Moms are a constant source of support and warmth.

Now, while that is completely true, contribution of mothers goes way beyond these things. It can be life-changing in very quantifiable manner. 

Twitter user Prashant Singh used the occasion of Mothers' Day this year, to explain this with an interesting anecdote:

He and many of his college friends, met for a reunion decades after graduating. Some even had kids who were now going to university. 

Anyhow, as the evening progressed, the effect of alcohol started manifesting itself in the form of philosophical discussions. Who went on to do what? Who is happy? Who is not? Questions like that.

While talking, the group found a theme for their discussion. Unpredictability. The conventional notions of A leads to success and B does not, were thrown out of the window.

So they sat down to figure out what that one factor which made people successful in their personal and professional lives was. 

Unable to come to a solid conclusion, they decided to do what one does in these situations: Make an Excel sheet. They went all the way through and zeroed down the list to 8 people, who had achieved the most in life.

It was relatively easier now. They just had to find the common factor among these 8 people. Which, they figured, was working moms.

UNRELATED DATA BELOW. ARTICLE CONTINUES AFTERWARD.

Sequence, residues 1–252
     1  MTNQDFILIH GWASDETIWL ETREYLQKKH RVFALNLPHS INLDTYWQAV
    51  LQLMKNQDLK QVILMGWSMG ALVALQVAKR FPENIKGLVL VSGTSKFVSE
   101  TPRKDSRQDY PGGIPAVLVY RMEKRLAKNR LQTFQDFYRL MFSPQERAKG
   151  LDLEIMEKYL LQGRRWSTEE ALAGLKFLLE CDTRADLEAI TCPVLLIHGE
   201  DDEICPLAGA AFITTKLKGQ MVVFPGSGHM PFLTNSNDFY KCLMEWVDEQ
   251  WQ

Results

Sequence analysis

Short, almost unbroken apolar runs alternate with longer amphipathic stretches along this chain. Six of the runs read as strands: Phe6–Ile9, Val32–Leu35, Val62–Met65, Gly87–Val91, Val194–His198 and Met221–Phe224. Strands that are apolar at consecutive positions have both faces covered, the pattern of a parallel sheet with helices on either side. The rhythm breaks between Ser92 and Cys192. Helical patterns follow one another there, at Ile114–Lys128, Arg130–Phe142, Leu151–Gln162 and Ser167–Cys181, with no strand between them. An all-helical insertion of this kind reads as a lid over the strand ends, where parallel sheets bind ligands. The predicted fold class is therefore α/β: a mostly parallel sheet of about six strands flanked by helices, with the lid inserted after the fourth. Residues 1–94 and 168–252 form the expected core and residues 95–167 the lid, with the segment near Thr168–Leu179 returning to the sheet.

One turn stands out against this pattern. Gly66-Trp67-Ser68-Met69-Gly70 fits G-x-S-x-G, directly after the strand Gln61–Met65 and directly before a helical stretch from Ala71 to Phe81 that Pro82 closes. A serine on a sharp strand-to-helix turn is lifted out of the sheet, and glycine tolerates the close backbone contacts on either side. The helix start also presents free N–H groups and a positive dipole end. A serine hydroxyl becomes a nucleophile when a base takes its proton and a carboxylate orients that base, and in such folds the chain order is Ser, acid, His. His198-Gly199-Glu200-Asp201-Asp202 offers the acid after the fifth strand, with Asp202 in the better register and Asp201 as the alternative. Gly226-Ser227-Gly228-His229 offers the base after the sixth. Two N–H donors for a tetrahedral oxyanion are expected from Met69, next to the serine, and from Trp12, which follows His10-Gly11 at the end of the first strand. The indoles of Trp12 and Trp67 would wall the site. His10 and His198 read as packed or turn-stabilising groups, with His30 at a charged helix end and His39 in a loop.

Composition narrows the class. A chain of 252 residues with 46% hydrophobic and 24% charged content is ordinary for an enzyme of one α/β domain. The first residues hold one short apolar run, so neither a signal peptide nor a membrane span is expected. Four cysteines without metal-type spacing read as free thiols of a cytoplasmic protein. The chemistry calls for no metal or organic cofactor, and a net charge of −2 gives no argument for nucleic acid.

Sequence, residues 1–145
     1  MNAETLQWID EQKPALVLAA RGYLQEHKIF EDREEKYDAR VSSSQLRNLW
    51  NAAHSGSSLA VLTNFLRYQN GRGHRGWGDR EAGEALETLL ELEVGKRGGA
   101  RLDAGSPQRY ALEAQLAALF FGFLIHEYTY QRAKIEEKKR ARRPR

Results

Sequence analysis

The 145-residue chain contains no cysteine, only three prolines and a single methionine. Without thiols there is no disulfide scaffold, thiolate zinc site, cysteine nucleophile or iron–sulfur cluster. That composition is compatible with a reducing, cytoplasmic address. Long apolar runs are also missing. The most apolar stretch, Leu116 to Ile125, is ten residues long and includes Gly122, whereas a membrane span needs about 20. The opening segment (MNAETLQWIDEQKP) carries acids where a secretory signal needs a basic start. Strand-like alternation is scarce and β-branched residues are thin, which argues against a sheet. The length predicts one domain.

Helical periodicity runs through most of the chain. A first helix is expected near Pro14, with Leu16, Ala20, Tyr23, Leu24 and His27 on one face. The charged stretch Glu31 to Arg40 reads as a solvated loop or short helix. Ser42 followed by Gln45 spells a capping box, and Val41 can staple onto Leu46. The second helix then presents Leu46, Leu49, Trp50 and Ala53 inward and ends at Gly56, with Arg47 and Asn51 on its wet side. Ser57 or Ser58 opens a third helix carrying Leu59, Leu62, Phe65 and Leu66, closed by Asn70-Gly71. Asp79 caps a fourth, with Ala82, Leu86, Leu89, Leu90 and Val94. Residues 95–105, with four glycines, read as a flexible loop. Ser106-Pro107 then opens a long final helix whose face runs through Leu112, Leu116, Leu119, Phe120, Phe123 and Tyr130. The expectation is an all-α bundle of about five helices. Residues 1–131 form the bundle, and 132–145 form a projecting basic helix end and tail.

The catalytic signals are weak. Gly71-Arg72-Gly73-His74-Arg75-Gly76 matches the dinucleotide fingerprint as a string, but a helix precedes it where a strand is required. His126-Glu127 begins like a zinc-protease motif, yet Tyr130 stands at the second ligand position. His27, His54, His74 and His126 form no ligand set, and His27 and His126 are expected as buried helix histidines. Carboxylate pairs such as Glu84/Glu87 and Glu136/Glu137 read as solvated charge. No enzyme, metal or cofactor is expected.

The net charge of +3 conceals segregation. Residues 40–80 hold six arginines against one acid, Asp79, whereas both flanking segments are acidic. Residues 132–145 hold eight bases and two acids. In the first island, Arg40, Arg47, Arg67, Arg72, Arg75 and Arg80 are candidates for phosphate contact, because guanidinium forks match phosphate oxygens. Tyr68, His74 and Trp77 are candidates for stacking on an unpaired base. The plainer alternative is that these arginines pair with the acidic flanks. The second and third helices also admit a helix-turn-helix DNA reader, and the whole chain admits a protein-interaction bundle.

Yes, all these people were raised by mothers who were working when they were growing up.

After this, it was easier to come up with factors that may have contributed to these people's success and prosperity.

Prashant concluded the thread by saying that we tend to undermine/ignore women's contribution to the society and data research might throw more light on the subject.

In that context, here is a Harvard study (also shared by him), which shows that children of working moms turn out be as happy and successful and those raised by mothers staying at home. Which should help in alleviating the parenting guilt women often carry.

So, in case anyone has the audacity to ask for 'proof' to show what women have done, you can refer them to this thread.